Never Stop Driving #16: California CARB, Florida carburetors

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By now you’ve probably heard that California plans to ban the sale of gasoline-powered cars after 2035. The government agency responsible for this plan, the California Air Research Board, has hinted at a ban for years despite having the acronym CARB, which we all know is short for carburetor.

Even the folks at NPR recognize that there are significant challenges ahead in terms of battery supply and cost, charging infrastructure, and delivering all that electrical energy. My brain oddly goes to Daniel Plainview, the fictional Californian oil baron from the movie There Will Be Blood. Would he have wondered who is drinking whose milkshake?

I am agnostic when it comes to the power source of my cars. Jason Cammisa showed us how ridiculously fun an EV can be with this Lucid Air review. I own an electric dirt bike and love it. I understand that sometimes new technology needs a boost, yet I’m no fan of heavy-handed mandates. You don’t want me weighing in with a lengthy explanation of greenhouse gases, climate change, or politics because: A) I’m not that bright; and B) Those topics are minefields. I’ll say a couple of things, however: According to the EPA, about 15% of U.S. CO2 production comes from personal-use vehicles. There are some 300 million gas cars on U.S. roads. Californians buy roughly one million cars a year so this mandate—if it really happens—won’t change much, initially. Of course, you have to start somewhere.

Let’s move on to a……..Tesla fight!

In one corner stands Dan O’Dowd, the CEO of Green Hills Software and founder of The Dawn Project, an advocacy organization dedicated to “making computers truly safe for humanity.”

The Dawn Project published a video that showed a Tesla in self-driving mode running over a small mannequin meant to represent a child. That prompted Tesla fan and investor Tad Park to perform the same test with an actual kid and post the video to YouTube, which promptly removed the video for potentially encouraging dangerous behavior. You can read the full blow-by-blow here and also check out this surreal twitter feed where @wholemarscatalog asks for someone to volunteer their kid for the test and lumps O’Dowd into the loose group of Tesla skeptics known as “TSLAQ.”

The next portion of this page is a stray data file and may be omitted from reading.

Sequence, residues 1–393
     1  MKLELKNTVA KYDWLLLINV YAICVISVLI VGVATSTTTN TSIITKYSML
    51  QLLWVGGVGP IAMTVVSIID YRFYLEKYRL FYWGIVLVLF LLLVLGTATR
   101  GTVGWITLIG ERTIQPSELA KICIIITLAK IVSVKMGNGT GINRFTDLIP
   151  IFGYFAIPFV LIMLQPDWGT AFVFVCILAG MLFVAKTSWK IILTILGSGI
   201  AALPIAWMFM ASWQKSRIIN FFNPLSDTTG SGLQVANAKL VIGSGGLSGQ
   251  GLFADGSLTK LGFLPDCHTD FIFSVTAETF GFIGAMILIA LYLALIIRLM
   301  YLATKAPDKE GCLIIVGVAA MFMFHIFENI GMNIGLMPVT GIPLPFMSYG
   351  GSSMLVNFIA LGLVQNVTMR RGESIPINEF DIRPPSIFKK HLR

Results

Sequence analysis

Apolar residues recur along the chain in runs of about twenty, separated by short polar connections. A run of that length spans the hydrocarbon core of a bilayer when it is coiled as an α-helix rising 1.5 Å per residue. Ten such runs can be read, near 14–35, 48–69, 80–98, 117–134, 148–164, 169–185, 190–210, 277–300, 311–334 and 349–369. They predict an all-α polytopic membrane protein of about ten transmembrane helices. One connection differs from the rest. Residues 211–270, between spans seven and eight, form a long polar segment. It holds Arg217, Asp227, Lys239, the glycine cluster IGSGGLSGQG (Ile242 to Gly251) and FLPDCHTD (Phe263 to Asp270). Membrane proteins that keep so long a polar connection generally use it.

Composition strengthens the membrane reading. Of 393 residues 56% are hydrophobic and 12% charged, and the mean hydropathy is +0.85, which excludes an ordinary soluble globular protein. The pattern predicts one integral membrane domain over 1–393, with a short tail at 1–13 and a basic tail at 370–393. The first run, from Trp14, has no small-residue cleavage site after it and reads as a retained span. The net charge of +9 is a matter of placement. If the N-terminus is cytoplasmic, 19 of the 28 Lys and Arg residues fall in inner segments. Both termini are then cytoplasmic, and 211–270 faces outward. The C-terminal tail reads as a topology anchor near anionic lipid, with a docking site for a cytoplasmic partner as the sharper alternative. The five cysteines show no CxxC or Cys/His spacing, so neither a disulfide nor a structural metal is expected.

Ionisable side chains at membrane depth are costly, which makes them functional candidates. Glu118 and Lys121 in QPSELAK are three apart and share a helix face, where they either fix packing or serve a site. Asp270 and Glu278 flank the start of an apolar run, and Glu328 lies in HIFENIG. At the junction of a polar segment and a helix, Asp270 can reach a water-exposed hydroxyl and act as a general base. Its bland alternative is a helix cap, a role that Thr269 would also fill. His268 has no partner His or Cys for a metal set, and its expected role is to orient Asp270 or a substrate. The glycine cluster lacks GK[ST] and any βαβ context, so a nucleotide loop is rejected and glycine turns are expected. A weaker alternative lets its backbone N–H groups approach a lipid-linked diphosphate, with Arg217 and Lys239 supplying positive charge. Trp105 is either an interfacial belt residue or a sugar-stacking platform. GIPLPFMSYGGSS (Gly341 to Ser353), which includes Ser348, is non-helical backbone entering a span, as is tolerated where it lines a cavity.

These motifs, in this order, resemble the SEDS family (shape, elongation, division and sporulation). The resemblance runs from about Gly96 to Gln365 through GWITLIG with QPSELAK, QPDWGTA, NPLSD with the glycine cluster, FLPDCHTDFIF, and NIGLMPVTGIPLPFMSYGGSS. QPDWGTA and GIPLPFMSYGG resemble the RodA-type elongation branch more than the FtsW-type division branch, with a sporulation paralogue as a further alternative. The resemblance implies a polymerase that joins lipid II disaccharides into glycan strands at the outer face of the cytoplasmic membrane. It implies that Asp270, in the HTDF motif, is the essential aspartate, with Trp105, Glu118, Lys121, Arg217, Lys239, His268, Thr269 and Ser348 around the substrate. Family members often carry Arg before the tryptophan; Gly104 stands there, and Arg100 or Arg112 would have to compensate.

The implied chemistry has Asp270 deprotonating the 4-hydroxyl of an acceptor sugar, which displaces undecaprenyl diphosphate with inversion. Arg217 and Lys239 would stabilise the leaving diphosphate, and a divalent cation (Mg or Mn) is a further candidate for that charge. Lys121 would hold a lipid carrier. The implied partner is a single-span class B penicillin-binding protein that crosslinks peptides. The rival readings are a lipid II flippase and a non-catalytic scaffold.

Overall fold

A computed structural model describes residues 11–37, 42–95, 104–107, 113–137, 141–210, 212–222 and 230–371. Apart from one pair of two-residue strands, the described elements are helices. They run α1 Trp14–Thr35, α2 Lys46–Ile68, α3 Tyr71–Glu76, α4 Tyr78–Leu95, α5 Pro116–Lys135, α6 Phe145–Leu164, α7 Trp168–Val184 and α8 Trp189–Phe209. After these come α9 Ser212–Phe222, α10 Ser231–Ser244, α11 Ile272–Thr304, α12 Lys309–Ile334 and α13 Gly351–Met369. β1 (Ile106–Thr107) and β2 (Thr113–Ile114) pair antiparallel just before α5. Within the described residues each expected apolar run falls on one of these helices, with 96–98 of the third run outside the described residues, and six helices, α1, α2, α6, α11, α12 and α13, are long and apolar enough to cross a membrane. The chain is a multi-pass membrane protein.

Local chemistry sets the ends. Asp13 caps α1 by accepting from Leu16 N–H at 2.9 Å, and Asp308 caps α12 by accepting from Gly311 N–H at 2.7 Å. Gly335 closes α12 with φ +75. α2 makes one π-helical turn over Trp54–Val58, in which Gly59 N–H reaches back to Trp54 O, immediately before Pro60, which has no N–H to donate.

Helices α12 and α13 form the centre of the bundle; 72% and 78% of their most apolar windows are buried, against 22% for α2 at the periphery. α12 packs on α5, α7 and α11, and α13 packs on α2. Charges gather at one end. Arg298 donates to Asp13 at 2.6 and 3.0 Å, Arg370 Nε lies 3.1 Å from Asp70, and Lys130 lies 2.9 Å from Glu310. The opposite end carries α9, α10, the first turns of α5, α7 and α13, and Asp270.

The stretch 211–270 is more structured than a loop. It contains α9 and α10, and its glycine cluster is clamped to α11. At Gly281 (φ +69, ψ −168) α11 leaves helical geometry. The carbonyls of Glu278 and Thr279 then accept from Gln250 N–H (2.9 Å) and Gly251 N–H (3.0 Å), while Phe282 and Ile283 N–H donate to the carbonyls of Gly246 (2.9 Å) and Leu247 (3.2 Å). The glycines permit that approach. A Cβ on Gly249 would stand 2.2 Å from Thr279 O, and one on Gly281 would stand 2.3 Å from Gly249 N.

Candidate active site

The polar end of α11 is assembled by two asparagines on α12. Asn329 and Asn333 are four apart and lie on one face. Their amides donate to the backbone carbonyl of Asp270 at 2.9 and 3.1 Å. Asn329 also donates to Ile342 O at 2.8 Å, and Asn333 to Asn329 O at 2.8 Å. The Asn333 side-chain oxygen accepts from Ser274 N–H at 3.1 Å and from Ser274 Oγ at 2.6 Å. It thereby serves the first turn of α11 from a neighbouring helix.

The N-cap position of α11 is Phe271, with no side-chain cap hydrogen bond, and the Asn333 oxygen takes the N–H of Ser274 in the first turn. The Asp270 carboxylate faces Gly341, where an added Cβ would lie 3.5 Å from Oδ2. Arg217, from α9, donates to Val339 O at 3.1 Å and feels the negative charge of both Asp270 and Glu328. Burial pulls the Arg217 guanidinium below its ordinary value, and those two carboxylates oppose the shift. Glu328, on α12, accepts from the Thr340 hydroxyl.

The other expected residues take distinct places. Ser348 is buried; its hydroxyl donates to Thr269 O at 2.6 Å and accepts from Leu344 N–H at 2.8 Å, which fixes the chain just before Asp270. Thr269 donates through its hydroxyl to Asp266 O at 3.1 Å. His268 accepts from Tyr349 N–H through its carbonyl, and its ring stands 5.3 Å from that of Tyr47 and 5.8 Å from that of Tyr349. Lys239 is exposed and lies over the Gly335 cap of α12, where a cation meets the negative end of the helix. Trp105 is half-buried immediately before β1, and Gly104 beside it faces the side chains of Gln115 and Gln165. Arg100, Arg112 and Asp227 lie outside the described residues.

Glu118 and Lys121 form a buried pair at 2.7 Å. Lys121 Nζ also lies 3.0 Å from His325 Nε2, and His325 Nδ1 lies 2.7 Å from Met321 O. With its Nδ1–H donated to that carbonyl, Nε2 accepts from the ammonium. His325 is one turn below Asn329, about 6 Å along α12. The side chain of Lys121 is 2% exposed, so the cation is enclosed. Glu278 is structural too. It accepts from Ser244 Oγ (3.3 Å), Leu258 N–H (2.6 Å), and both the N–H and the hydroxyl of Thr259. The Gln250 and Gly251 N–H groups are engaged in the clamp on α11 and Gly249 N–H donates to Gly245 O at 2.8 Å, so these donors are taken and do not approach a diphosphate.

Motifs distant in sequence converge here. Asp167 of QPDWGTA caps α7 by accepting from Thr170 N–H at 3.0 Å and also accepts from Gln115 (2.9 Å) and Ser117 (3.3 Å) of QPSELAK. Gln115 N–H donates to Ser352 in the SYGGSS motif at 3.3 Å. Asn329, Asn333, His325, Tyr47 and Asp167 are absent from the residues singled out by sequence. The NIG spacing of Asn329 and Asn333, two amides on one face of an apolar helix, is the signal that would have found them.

The issue, as I’ve mentioned before, is wording. On Tesla’s own site, the company says, “Autopilot, Enhanced Autopilot and Full Self-Driving Capability are intended for use with a fully attentive driver, who has their hands on the wheel and is prepared to take over at any moment.” The Full Self-Driving feature, as many fans point out, works fine most of the time, but when there’s construction or other unexpected things in the road, it’s extremely difficult for the computers to react properly. If Tesla called their system “Driver Assist” I don’t think I’d be writing this.

I drove to Milwaukee last Wednesday afternoon, an unpleasant 340-mile slog from Ann Arbor, and I would have loved to nap while a robot did the driving. That luxury is still a long way away. Milwaukee is home to GT Motorsports, a Ferrari shop started in 1995 by Al Pinkowsky, who rebuilt my Ferrari motor. Holy smokes, that sounds pretentious! Anyway, that was a big $20,000 step in the ongoing Dino restoration. The engine ran fine but a more knowledgeable friend, host of The Appraiser Colin Comer, urged me to have a pro take it apart while I had the motor removed from the car. That was good advice. Pinkowsky found several internal time bombs like a chewed-up valve cap that could have caused havoc had it broken apart. Now I’ll spend the cold months putting the car back together.

Ferrari 308 V-8 engine Larry Webster

If I need to rebuild the carburetors, I will definitely call Riley Schlick, a 17-year-old high-school student who refurbishes the devices in her parent’s garage. Hagerty writer Steven Cole Smith profiled Schlick and also penned this piece about $100 million in illegal drugs smuggled inside a 1960 Bentley.

I urge you to bookmark Hagerty.com/media and visit often. We publish roughly 10 new articles and videos every day including this one about a vintage 1981 Corvette that was yanked from the jaws of a junkyard crusher and a rebuild video of busted up Subaru motor. We call it a “rich mixture” and are open to your feedback.

I’m off this weekend on a much-anticipated multi-day college-tour road trip with my daughter. I’ve found that I learn more about my kids when we are in the car together than any other time, yet another reason I’m grateful for our road trips. I hope you have an equally enjoyable weekend.

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